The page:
“george washington partied here!”
New York City has no lack of opulent historic homes open to tour, but few have a story that can match the legend of Manhattan's Morris Jumel Mansion. It's located right at the tip of Manhattan, and its prime location has made it an important spot throughout history. Originally built in 1765 as the summer home for British Colonel Roger Morris and his wife Mary Philipse, the couple vacated the house in 1775, when American forces closed in on New York during the American Revolution. George Washington himself took up residence in the home after the disastrous Battle of Long Island. He and his troops left the area shortly after, but he made a brief visit back to the mansion in 1790 to host a grand party-- guests included his good friends Thomas Jefferson and John Adams! The home was later purchased by high society couple Stephen and Eliza Jumel-- a wealthy French wine merchant and his mistress-turned-wife. It gets even more scandalous-- New York society whispered behind closed doors about Eliza's dark past. Eliza definitely didn't come from wealth, like the rest of the social elite, and the worst of the rumors theorized that she had been a child prostitute in a brothel run by her own mother. Regardless of what their neighbors thought, the two wasted no time filling the mansion with expensive French art and furnishings, some gifted to them by Emperor Napoleon. At least, they were doing that, until Stephen died under very mysterious circumstances in 1832. As the story goes, he fell on a pitchfork while running errands. His wounds were treated and bandaged and he was brought back home to be cared for by Eliza, who decided that it would be a good idea to unbandage his wounds to clean them. Stephen bled to death shortly thereafter. Some defended Eliza, saying that she probably didn't know enough about medicine to realize that her actions would result in her husband's death, but gossip-mongers purported that she knew exactly what she was doing when she took his bandages off. Either way, the mansion, and everything in it, was left to Eliza. Less than a year later, she had remarried... to another notorious murderer: politician Aaron Burr, who had killed his rival Alexander Hamilton in a duel. Burr died (from natural causes) in a tavern a few years later, leaving Eliza alone again. Completely shut out by New York society, she slipped into dementia, becoming a recluse-- some even say that she was the inspiration for Miss Havisham in Charles Dickens Great Expectations. She reportedly wandered the halls wearing disheveled, soiled finery and routinely held dinner parties, which no one attended. She died in the mansion, alone, in 1865, at the ripe old age of 90. Her final will left the property to her granddaughter, cutting other heirs out of the will entirely. Today, the house is a museum, still adorned with many of the expensive French antiques from Eliza and Stephen. But, that's not the only thing you can see when visiting the Morris-Jumel Mansion-- if you're really lucky, you might get to meet Eliza herself. Her spirit has been sighted by many, including a group of students in 1960, who claim a tall, grey-haired woman shushed them during a school trip. Others have sighted Aaron Burr, Stephen Jumel, a serving girl, and a British solider. Even if you don't spot a ghost, there's no denying that there's something haunting about the mansion and its dark history!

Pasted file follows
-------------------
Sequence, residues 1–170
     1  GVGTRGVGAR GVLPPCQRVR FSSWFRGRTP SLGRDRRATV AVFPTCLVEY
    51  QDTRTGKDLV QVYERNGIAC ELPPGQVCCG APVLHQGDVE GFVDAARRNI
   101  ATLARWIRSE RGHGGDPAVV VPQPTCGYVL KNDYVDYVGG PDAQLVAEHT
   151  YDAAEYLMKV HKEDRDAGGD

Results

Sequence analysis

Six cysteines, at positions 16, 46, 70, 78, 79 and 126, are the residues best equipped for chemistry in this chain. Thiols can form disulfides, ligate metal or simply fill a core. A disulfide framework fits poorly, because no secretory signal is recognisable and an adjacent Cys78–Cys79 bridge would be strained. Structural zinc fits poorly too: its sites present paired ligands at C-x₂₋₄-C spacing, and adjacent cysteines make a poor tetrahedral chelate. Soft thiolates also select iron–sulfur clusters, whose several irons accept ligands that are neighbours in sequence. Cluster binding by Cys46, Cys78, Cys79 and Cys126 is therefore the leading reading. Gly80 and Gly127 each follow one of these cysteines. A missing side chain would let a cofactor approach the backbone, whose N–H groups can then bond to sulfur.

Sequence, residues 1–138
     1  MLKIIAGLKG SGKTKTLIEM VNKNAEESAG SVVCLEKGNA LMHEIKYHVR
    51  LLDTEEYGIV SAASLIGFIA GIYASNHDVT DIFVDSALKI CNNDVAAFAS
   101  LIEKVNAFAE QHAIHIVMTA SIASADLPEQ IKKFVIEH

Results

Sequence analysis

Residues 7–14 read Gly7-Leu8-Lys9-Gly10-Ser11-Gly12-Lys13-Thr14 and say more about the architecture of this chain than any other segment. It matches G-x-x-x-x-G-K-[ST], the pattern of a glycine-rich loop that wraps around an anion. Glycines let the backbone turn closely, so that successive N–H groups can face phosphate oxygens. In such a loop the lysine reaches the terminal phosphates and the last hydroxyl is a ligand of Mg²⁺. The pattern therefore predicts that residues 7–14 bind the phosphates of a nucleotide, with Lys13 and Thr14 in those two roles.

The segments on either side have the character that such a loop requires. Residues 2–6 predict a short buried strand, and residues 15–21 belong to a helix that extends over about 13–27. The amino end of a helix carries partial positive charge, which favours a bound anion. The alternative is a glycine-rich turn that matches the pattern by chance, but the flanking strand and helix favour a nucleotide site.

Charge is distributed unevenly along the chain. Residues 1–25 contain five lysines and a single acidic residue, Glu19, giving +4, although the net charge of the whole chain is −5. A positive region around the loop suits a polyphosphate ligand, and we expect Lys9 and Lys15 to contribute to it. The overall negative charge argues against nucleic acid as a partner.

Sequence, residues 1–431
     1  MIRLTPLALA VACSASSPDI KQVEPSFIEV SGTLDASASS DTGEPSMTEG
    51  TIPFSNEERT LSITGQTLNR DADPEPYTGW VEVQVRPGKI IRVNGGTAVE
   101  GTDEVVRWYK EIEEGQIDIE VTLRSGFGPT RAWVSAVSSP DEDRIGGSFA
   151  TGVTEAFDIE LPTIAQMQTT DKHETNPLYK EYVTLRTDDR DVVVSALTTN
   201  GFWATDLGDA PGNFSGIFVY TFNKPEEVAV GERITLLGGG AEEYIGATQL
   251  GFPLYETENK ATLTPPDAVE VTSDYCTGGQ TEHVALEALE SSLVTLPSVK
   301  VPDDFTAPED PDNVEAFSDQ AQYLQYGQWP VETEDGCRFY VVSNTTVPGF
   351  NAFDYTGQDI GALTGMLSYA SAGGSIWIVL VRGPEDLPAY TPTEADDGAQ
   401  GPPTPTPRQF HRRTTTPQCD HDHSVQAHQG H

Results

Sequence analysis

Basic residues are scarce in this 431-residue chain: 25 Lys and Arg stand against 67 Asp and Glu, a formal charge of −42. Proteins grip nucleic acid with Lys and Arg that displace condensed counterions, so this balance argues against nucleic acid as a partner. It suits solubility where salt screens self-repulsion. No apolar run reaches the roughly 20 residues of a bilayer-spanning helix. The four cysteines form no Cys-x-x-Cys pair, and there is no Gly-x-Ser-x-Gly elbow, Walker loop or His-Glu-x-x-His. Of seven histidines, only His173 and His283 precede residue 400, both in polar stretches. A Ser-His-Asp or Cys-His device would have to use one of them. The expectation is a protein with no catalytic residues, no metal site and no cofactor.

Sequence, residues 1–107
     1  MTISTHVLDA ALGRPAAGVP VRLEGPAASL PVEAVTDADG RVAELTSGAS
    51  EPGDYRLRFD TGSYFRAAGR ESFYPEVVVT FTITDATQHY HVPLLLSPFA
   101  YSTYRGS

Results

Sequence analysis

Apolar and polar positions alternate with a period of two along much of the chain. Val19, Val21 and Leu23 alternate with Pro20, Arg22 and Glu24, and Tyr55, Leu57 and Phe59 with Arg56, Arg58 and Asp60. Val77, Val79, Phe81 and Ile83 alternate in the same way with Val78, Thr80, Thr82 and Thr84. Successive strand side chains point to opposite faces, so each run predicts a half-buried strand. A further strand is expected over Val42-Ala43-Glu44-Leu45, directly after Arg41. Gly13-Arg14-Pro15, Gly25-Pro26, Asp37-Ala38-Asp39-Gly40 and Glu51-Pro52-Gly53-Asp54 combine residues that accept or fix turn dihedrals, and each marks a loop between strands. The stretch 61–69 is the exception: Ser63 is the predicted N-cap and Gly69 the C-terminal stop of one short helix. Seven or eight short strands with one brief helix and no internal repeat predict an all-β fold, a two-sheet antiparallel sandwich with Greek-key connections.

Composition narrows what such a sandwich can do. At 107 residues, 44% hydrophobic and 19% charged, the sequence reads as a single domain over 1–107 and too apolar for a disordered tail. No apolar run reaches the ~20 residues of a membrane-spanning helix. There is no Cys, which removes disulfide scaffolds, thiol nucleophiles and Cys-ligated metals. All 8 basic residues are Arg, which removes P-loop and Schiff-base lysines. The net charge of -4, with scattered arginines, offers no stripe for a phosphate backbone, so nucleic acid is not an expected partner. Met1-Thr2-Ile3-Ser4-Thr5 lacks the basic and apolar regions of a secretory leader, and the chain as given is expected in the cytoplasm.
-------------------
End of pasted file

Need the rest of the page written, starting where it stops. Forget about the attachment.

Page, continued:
Some say it's haunted by Eliza, the scandal-ridden wife of Stephen Jumel. She reportedly once shushed a group of school kids on a tour, so be respectful!
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Morris Jumel Mansion
- Tue - Fri: 10:00 am - 4:00 pm
- Sun, Sat: 10:00 am - 5:00 pm
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